The Virginia man who received the world's most extensive full face transplant to date seven months ago is successfully recovering.

The University of Maryland Medical Center announced Tuesday that Richard Lee Norris of Hillsville who received the transplant during a 36-hour groundbreaking procedure in March, said that the 37-year-old is now primarily eating with his mouth and can also taste and smell.

Norris had suffered a gun accident in 1997 that left him with only a skull, eyes and parts of his jaw. Dr. Eduardo D. Rodriguez, the surgeon who led the operation wanted to restore Norris' face "in the most aesthetic manner possible."

"Our goal for Richard from the beginning was to restore facial harmony and functional balance in the most aesthetic manner possible through the complex transplantation of the facial bones, nerves, muscles, tongue, teeth and the associated soft tissues," Rodriguez, who is professor of surgery at the University of Maryland School of Medicine and chief of plastic, reconstructive and maxillofacial surgery at Shock Trauma, said in a release from the university.

The surgery included the replacement of teeth, tongue, skin and both jaws, as well as underlying nerve and muscle tissue from scalp to neck.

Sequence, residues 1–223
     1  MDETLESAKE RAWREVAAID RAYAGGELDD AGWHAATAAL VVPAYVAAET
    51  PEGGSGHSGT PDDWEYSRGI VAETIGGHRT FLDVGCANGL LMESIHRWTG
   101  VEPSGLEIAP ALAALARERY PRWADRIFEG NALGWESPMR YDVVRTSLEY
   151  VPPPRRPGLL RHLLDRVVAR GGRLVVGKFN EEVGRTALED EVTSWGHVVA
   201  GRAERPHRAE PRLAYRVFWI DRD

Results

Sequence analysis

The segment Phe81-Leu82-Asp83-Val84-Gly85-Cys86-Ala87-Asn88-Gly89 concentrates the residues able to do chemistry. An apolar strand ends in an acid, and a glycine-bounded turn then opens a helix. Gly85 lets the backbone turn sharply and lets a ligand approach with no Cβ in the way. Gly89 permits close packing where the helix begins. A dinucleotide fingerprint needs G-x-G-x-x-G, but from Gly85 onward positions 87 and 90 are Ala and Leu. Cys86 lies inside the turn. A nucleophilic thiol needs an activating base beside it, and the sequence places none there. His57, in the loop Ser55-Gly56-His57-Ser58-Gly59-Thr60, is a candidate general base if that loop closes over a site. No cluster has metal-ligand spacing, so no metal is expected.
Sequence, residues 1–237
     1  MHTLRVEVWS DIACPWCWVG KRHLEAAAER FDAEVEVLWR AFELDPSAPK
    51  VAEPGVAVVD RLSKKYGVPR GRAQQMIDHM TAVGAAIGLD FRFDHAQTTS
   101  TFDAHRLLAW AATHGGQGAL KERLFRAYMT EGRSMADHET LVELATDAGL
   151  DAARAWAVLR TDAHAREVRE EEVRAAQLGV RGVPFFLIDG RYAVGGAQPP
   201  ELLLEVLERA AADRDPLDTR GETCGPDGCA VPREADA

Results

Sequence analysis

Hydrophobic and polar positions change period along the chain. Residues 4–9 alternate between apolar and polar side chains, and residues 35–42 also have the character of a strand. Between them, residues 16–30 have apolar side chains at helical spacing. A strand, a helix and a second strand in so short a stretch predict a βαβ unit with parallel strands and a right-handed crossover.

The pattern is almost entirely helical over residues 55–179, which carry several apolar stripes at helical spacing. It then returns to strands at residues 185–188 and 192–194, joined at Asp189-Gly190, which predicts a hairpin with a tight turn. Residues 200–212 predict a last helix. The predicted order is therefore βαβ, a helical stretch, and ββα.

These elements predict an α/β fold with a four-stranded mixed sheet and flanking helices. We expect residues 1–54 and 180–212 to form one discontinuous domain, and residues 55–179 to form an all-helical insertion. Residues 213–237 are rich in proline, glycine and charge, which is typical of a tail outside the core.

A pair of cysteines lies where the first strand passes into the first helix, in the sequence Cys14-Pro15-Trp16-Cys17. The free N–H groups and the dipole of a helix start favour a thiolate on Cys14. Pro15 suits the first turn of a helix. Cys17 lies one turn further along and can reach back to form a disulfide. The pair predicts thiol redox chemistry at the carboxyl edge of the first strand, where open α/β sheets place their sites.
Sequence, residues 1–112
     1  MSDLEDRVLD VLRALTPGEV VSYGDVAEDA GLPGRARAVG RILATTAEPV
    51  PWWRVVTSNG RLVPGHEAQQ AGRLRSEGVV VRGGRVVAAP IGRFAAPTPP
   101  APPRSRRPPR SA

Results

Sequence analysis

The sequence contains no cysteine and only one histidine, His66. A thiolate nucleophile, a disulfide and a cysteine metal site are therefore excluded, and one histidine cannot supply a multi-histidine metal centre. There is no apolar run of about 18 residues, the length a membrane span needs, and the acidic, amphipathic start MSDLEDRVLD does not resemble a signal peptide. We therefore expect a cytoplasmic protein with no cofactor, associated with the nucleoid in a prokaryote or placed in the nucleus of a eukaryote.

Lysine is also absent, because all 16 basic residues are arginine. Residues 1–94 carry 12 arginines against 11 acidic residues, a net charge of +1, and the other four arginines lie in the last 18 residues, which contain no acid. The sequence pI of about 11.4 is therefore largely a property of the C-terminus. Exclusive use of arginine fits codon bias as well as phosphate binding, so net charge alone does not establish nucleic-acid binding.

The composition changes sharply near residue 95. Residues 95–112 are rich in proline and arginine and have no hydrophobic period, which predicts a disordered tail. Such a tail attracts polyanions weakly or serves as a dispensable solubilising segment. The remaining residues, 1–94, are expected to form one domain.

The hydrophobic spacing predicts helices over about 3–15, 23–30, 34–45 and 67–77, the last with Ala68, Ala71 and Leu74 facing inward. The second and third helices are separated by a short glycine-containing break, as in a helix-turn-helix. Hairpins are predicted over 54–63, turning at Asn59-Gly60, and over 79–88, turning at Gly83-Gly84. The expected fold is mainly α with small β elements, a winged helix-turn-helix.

"For the past 15 years I lived as a recluse hiding behind a surgical mask and doing most of my shopping at night when less people were around," Norris said in the release.

"I am now able to walk past people and no one even gives me a second look," he said. "My friends have moved on with their lives, starting families and careers. I can now start working on the new life given back to me."

Norris says that he now spends his time fishing and golfing. While he still attends physical and speech therapy sessions, he has made great improvements and has now regained his speech and can smile and show expression.

"Richard is exceeding my expectations this soon after his surgery, and he deserves great deal of credit for the countless hours spent practicing his speech and strengthening his new facial muscles," Rodriguez said. "He's one of the most courageous and committed individuals I know."

The university is currently in the process of expanding its facial transplant program to help more patients, like veterans injured in action.